...I'm thinking right now about this nice 400 - 800 speed emulsion....... Oh well....
    Damnit, PE, did you have to say that

    In theory, an 8" machine wouldn't have to be any longer, just a few inches wider... Or would the dryer would need to have a longer path to cope with a greater wet surface area?

    I've been thinking more along the lines of a small (as in benchtop) 35mm slitting/perfing machine...
    Lens caps and cable releases can become invisible at will. :D

  6. #56
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    Ben;

    Dryer capacity at 5" width is not sufficient to handle 10" width. You either have to run at about 1/2 speed or make the dryer cabinets longer.

    PE

  7. #57
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    Quote Originally Posted by rmazzullo View Post
    I wonder if you can use the same machine to coat and prepare roll film backing paper? The patents describe in good detail how the backing paper was made, and the what and why of the coated layers.
    Bob:

    Do you have these patent numbers? I'd be very curious to read them.

    Ed

  8. #58
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    Quote Originally Posted by Neanderman View Post
    Bob:

    Do you have these patent numbers? I'd be very curious to read them.

    Ed
    Hi Ed...

    Here you go. The inventor on all of them is Ernest L. Baxter, and the assignee is Eastman Kodak. The latest patent builds on the prior ones, so I have listed all of the numbers I found:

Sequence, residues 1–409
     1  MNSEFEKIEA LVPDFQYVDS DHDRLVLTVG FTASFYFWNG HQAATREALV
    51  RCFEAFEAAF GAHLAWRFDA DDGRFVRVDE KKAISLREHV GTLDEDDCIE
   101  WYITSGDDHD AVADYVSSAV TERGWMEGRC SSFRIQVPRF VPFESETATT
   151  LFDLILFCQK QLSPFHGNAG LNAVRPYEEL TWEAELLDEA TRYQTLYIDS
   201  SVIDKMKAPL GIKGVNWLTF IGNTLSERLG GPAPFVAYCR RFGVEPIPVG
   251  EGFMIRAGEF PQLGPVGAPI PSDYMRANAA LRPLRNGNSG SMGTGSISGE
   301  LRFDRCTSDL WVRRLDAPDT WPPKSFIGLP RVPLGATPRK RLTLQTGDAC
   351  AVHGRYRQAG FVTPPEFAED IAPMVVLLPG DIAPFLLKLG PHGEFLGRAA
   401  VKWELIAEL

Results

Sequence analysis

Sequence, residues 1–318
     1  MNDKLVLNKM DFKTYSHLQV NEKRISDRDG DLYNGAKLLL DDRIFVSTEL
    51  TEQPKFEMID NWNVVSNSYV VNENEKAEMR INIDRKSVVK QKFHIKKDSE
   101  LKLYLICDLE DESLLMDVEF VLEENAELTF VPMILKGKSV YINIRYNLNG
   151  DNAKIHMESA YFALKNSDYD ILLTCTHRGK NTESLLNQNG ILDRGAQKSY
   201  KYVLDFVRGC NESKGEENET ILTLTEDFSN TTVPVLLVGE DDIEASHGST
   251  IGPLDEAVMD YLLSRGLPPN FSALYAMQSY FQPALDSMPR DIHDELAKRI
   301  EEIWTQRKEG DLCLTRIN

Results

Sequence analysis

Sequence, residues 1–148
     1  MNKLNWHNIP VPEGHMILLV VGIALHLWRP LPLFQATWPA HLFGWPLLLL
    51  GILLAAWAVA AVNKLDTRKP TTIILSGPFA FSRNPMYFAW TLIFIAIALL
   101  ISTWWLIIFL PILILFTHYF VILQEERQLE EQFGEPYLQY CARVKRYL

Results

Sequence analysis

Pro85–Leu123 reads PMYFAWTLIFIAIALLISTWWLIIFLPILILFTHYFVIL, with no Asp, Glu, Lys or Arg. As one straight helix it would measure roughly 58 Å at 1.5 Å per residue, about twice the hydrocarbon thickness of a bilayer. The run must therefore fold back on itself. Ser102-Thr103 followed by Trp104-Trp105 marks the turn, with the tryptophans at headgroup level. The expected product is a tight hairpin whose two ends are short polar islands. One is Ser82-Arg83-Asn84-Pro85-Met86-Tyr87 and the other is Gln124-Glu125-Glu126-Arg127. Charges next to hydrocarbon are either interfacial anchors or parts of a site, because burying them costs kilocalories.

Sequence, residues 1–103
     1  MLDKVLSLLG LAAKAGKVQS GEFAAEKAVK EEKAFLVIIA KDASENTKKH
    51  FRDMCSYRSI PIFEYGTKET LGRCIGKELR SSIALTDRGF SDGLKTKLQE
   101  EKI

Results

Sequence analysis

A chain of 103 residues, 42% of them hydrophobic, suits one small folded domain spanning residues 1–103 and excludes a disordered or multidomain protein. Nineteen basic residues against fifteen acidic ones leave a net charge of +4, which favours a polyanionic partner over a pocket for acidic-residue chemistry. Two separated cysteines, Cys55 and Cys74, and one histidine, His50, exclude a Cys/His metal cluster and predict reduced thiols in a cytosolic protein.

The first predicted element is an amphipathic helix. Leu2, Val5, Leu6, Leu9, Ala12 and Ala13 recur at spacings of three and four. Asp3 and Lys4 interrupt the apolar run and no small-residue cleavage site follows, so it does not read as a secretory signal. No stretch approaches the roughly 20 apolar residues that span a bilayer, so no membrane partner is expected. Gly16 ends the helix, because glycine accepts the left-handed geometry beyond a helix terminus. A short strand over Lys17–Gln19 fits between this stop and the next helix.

2751309, 2646366, 2646365, 2262986, and RE21268

    Bob M.

    P.S. When you see the term "transparent zein" mentioned in the patents, some further research seems to indicate that it is another name for confectioner's glaze, of all things. This needs further checking.

  9. #59
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    Something else that comes to mind regarding the film coating machine: that it should be possible to scale this concept down to coat 35mm film base...providing a source is available. You could (potentially) use 35mm film projector sprockets and rollers for film transport.

    Just a thought.

    Bob M.
    Last edited by rmazzullo; 12-27-2007 at 01:09 PM. Click to view previous post history. Reason: fixed typo

  10. #60
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    Quote Originally Posted by rmazzullo View Post
    Something else that comes to mind regarding the film coating machine: that it should be possible to scale this concept down to coat 35mm film base...providing a source is available. You could (potentially) use 35mm film projector sprockets and rollers for film transport.

    Just a thought.

    Bob M.
    Since coated width must be narrower than the support for technical reasons, and the edges are defective, this method would either be extremely messy causing loads of defects, or produce a product that is underwidth.

    It is better to coat wider and cut down. This has been the experience of ALL manufacturers to date.

    PE